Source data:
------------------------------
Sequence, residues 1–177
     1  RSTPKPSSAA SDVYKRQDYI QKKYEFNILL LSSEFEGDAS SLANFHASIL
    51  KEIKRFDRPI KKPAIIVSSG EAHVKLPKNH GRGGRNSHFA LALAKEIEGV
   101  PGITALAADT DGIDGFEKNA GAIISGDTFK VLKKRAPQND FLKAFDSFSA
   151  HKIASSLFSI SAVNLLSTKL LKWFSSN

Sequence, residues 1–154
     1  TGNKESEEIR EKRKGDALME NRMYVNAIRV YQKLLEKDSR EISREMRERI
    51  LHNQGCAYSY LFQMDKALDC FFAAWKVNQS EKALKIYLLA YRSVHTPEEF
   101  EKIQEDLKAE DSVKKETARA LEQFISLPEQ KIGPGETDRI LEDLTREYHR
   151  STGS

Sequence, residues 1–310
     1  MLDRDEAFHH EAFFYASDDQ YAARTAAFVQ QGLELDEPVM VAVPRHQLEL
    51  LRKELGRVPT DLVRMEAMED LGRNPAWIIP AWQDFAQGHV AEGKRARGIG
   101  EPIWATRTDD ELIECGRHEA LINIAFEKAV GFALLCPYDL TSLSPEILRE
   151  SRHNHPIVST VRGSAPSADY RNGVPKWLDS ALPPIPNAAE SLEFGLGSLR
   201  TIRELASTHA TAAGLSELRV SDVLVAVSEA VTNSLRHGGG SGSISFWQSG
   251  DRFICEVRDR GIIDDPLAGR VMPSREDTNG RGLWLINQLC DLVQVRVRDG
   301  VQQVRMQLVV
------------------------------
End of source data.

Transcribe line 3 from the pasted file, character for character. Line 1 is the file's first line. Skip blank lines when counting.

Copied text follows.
    51  KEIKRFDRPI KKPAIIVSSG EAHVKLPKNH GRGGRNSHFA LALAKEIEGV